• Salyer, Stonecipher merit support in OKC council elections

    The Oklahoman Editorial | Published: Tue, Feb 24, 2015

    A week from today, on March 3, voters in parts of Oklahoma City will choose their representatives to the city council. In all, 10 candidates are seeking election in wards 2, 6 and 8. Incumbent Councilwoman Meg Salyer deserves re-election to a third term representing Ward 6, which includes much of downtown and neighborhoods north and south of the central business district. Salyer has worked to improve her ward while showing a willingness to work together with other council members to benefit the city at large. Salyer, 59, says she wants to ensure the ongoing MAPS 3 projects stay on schedule and “exceed the expectations of voters.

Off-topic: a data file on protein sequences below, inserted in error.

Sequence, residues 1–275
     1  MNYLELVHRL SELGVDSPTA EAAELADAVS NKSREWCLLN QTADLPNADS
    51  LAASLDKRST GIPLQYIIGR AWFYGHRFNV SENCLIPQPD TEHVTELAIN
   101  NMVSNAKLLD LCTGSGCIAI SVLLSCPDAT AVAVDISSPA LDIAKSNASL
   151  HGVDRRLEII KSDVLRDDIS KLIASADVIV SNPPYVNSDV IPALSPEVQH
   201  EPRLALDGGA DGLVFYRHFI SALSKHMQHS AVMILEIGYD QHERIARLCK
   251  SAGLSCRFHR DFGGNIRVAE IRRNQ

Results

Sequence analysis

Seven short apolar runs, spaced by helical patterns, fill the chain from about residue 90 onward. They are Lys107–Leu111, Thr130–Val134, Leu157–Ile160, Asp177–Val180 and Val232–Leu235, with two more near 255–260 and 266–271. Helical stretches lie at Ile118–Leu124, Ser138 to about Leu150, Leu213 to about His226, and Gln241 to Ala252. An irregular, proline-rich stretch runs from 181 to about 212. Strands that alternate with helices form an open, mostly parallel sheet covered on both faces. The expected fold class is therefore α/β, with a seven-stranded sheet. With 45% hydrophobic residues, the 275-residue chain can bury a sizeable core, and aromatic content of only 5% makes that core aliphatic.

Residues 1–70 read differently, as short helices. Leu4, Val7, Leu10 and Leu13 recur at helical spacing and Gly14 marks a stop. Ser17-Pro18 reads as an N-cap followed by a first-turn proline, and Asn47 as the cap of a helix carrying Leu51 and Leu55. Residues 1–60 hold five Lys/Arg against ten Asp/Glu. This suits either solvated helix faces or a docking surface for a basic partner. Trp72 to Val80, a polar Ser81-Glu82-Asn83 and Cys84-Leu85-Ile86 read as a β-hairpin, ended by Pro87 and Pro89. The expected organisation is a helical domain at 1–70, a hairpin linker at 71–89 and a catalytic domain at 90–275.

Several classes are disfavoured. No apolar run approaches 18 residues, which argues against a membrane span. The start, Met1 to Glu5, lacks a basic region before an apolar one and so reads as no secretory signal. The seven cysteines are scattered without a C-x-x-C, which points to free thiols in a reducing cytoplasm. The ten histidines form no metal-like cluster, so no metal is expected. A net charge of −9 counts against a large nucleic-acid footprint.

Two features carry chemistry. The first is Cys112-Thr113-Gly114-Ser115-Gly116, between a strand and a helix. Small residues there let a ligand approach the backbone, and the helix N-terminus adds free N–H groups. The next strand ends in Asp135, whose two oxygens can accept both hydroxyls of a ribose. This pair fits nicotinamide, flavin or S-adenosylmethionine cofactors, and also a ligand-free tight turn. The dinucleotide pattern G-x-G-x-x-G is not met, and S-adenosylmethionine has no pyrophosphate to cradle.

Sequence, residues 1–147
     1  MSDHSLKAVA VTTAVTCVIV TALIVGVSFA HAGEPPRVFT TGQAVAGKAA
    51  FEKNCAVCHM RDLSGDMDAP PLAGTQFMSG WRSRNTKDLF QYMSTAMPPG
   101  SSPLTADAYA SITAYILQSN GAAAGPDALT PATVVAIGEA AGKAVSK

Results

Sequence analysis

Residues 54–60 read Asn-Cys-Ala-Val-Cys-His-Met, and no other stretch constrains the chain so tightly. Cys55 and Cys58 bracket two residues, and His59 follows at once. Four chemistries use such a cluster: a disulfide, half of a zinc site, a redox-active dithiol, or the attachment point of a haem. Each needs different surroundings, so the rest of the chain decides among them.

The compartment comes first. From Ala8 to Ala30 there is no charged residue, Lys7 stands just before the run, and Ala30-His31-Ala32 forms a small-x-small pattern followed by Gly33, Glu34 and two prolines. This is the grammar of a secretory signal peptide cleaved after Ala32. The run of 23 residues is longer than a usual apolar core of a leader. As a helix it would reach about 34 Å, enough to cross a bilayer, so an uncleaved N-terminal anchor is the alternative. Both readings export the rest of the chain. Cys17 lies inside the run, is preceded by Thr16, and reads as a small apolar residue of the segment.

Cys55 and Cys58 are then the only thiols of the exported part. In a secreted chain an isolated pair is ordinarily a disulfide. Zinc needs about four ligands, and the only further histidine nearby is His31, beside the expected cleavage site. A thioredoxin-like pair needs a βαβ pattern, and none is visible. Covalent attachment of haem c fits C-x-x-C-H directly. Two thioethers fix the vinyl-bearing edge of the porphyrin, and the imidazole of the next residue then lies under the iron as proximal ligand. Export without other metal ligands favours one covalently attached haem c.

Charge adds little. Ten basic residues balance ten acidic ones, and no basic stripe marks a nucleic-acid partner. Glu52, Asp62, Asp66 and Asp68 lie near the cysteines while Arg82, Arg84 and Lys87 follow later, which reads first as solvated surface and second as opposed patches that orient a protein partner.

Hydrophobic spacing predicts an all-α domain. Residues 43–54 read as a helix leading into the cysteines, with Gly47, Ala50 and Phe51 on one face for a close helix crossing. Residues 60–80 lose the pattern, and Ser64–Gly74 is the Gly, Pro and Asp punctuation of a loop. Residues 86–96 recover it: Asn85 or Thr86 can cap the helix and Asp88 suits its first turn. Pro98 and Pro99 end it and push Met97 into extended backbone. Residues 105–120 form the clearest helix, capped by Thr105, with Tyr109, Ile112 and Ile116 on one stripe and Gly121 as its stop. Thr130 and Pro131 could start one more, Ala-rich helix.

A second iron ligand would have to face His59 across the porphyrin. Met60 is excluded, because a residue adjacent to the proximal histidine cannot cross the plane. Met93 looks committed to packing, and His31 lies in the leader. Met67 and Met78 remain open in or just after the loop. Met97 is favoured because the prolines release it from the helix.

• Why sue if Bible is just another book?

    The Oklahoman Editorial | Published: Mon, Feb 23, 2015

    AS an organization of atheists, the Freedom From Religion Foundation’s members view the Bible as, basically, just another book. Yet their threat to sue some Oklahoma schools that have allowed Bibles to be donated to fifth-graders suggests the foundation’s members believe the Bible is far more powerful than their “freethinker” rhetoric suggests. The foundation is upset that up to 26 Oklahoma schools have allowed officials with Gideons International to donate Bibles to fifth-grade students. A spokesman for the Freedom From Religion Foundation says this violates church-state separation.

  • In attacking Oklahoma state budget hole, every little bit of savings helps

    The Oklahoman Editorial | Published: Sun, Feb 22, 2015